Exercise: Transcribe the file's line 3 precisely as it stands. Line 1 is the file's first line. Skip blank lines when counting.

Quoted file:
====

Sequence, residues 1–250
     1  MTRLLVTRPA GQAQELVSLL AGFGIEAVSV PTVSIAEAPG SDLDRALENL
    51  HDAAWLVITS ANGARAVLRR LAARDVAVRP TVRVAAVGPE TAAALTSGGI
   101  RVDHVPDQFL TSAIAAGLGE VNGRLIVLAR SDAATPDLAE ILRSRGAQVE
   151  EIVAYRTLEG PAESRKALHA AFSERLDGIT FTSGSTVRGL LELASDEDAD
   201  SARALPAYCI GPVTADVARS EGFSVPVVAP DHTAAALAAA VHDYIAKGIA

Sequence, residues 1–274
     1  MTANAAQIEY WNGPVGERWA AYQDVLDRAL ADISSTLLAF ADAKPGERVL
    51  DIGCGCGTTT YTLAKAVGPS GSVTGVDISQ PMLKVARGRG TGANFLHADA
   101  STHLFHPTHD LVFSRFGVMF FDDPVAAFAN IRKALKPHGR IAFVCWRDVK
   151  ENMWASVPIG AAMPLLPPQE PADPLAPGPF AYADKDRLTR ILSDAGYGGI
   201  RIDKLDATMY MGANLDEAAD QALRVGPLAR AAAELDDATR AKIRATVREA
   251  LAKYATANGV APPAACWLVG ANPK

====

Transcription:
    51  HDAAWLVITS ANGARAVLRR LAARDVAVRP TVRVAAVGPE TAAALTSGGI